Britain must brace for more storms

By Luca Pavoni 
03/05/2022


February was a turbulent month for British weather: five consecutive storms brewed an onslaught of disruption and destruction across the country. The month was ushered in by blustery winds from Storm Malik and Corrie which swept through Scotland and the north of England, stretching the capabilities of British infrastructure to the limit and bringing the country to a standstill. These same regions, which were still recovering from Storm Arwen in November 2021, were then hit by Storm Dudley a couple of weeks later. Powerful gusts quickly made their way down the UK via Storm Eunice, which battered London and the south of England. Franklin became the third named storm to hit the UK in a week and made its landing in the west of England, Wales, and Northern Ireland. Finally, Franklin dissipated and Brits waved farewell to a stormy February.  

Although the Met Office swiftly imposed rare red weather warnings to keep people inside and Prime Minister Boris Johnson quickly assembled an emergency COBRA meeting on the day of Eunice hitting, the Government still received widespread criticisms for an unprepared and insufficient response to the storms that battered Britain and left 1.4 million without power at their peak. A day before Storm Eunice, Business Secretary Kwasi Kwarteng published the interim report for his Storm Arwen review in which he conceded that it was ‘completely unacceptable that thousands of homes were left without power for so long’ and vowed to take lessons from Arwen to ensure a swifter return of power after outages. Yet 56,000 households faced at least three nights without power after Storm Eunice – barely an improvement on the 60,000 households during Storm Arwen.

Similarly, the Department for Food and Rural Affairs (DEFRA) was accused of leaving the UK unequipped to handle the severe flooding caused by the February 2022 storms. In January 2021, Environment Agency (EA) inspectors found 3460 flood barriers in England alone to be ‘unfit for purpose’. A year later the EA commended its improved ‘powerful flood defences’ along the River Severn that supposedly withstood the ‘full force of Storm Eunice’ and saved 2000 houses from flooding. However, these warm words were dampened by criticisms that DEFRA struggled to get vital food, water, emergency accommodation and power generators to rural areas cut off by the floods. Helen Morgan MP, whose county of Shropshire saw intense flooding, said the February storms confirmed ‘what the rest of the country already know: whenever a storm hits, the Government do not seem prepared’.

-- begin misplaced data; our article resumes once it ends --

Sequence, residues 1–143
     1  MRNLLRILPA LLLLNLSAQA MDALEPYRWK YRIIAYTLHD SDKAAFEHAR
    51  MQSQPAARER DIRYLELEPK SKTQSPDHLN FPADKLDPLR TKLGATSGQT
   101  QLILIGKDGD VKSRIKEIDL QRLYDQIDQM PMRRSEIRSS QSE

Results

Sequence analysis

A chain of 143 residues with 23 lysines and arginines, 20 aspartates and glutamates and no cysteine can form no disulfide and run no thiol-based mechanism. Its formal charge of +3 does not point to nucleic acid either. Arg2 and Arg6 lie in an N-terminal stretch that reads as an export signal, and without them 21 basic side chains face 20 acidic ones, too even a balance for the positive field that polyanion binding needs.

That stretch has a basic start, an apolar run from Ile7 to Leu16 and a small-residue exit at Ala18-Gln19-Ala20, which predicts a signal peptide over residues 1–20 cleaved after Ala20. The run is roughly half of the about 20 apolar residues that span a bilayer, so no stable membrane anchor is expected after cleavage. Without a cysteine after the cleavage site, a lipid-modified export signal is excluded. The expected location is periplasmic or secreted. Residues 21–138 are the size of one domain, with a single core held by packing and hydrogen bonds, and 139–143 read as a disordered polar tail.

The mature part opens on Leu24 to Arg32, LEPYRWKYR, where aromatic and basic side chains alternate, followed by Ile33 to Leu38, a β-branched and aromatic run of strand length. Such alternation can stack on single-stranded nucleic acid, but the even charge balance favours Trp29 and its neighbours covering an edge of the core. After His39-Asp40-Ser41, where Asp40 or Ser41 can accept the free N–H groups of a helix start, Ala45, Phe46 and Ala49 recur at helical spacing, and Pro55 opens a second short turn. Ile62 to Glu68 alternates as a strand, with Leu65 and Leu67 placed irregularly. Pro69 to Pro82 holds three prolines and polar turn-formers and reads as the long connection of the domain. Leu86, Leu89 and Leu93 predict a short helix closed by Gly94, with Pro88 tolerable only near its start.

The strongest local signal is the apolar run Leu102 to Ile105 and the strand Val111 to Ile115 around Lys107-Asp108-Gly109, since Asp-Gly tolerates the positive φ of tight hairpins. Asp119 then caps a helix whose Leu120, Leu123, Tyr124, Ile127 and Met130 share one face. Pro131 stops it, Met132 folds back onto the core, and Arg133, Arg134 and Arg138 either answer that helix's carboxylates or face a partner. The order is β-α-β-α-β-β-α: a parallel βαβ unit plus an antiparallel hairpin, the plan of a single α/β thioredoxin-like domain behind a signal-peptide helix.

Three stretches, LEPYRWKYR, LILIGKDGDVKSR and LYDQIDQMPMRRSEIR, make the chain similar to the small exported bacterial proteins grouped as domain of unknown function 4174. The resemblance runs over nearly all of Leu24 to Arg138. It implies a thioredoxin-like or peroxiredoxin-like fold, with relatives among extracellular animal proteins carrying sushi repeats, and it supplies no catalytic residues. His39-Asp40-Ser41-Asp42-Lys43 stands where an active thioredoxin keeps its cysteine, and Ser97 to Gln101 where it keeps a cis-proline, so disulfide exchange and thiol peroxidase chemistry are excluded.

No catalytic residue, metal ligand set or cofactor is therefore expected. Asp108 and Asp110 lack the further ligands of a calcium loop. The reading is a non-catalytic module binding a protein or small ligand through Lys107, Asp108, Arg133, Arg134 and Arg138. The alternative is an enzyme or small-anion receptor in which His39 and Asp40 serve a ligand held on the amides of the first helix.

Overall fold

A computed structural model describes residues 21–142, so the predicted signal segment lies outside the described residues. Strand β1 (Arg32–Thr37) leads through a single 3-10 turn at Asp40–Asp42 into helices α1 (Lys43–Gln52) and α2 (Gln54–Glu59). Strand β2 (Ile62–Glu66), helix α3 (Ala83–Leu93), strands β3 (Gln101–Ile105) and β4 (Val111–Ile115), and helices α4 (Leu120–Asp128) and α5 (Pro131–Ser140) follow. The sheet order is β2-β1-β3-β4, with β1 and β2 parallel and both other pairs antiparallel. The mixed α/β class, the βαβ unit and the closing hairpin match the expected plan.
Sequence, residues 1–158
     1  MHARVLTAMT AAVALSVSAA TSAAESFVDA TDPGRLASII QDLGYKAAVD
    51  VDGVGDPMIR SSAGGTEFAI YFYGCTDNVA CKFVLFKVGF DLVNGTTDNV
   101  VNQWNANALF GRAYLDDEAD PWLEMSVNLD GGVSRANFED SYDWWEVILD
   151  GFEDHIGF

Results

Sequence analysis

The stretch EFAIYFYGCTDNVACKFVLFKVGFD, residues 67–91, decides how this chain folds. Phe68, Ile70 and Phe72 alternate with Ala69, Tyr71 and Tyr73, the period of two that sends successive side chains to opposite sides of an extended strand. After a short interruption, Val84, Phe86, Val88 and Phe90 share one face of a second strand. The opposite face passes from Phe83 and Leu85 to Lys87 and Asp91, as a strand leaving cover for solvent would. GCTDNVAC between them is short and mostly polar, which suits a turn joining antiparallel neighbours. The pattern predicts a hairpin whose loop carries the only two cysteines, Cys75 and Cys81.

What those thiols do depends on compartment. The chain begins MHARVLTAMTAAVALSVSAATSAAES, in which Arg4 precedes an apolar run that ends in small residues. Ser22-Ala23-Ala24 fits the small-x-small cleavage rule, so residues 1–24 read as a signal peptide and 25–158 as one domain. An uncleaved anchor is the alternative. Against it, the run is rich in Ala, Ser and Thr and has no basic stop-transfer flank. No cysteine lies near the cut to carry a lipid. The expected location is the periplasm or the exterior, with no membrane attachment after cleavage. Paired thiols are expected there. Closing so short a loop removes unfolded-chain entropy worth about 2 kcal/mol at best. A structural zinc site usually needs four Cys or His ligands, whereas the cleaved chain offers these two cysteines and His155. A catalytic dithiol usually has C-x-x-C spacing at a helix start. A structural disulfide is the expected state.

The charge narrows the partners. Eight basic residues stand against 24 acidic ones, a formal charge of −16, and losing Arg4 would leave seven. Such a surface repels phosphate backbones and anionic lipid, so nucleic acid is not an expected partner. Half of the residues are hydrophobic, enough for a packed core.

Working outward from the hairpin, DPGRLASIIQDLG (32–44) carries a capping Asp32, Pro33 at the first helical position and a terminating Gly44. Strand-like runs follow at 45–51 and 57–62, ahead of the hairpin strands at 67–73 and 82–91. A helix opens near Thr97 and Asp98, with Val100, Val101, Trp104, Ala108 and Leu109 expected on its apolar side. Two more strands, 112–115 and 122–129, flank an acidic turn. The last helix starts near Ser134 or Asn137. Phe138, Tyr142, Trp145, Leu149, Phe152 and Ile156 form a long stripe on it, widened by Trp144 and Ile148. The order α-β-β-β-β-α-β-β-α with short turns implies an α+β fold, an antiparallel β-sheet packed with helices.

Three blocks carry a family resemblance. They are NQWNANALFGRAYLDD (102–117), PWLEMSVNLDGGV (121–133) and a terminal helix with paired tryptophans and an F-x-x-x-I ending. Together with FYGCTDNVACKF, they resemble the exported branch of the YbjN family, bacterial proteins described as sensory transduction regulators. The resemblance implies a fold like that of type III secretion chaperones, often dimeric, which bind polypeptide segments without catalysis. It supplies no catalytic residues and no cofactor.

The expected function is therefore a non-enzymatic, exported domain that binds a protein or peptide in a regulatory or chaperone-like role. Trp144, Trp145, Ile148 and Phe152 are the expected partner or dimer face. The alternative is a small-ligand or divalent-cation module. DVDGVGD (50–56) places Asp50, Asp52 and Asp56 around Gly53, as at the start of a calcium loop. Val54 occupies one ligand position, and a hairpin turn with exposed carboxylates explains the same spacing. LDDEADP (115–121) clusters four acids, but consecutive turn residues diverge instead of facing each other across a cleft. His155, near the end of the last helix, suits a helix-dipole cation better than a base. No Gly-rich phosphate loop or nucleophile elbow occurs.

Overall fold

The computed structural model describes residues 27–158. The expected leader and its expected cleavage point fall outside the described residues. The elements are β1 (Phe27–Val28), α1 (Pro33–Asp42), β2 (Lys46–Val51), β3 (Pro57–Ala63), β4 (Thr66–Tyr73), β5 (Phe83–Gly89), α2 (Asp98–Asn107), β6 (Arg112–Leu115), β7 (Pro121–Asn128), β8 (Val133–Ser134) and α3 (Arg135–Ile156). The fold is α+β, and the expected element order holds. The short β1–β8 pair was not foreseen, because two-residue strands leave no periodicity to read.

A fundamental shift in the Government’s attitude towards extreme weather events is required to avoid similar criticisms in the future. In the lead-up to COP-26 at the end of last year, the EA appeared to understand this by publishing a press release titled ‘Adapt or Die [to climate change]’. Similarly, earlier that year the Government launched its Flood and Coastal Erosion Management (FCERM) strategy in which it made promises to invest heavily in coastal defences and adapt buildings and infrastructure to withstand flooding. While promising in theory, the strategy has faltered in practice. For example, despite plans to avoid ‘inappropriate development in the floodplain’, another 5000 homes have since been built in flood zones in England alone – evidence that the Government has a short memory when it comes to the devastation of severe flooding.

Scientists and opposition MPs have called on the Government to take concrete steps to take the wind out of the sails of future extreme weather events. These include:

  • Bolstering coastal and river defences to properly match the threat of flooding – every £1 spent on flood defences is thought to prevent £5 of damage.

  • Improving the capabilities of rapid emergency responses, such as the swift restoration of power and public road infrastructure after powerful storms.

  • Adapt city and urban planning to avoid floodplains where possible and build resilient structures in areas at risk of flooding.

  • Provide greater financial and technical assistance to farms in low-lying rural and agricultural areas to enable them to protect their land from flooding.

  • Simplifying compensation procedures to cushion the blow dealt to households – Northern Powergrid’s compensation scheme was so flustered during Storm Arwen that it falsely awarded 74 customers with cheques of trillions of pounds, only to hastily withdraw them.

As an island nation, the UK is particularly vulnerable to strong winds and high waves from the North Sea and Atlantic Ocean. And with climate change threatening to increase the severity and frequency of extreme weather events like storms and floods, there is increasing pressure on the Government to adapt to these growing dangers. The storms of February 2022, which took multiple lives and inflicted hundreds of millions of pounds of damages, proved that the Government still has a lot of work to do. Indeed, if there is no fundamental shift in the way the Government mitigates threats posed by extreme weather, the price tags and death tolls will only become higher the next time a storm batters Britain.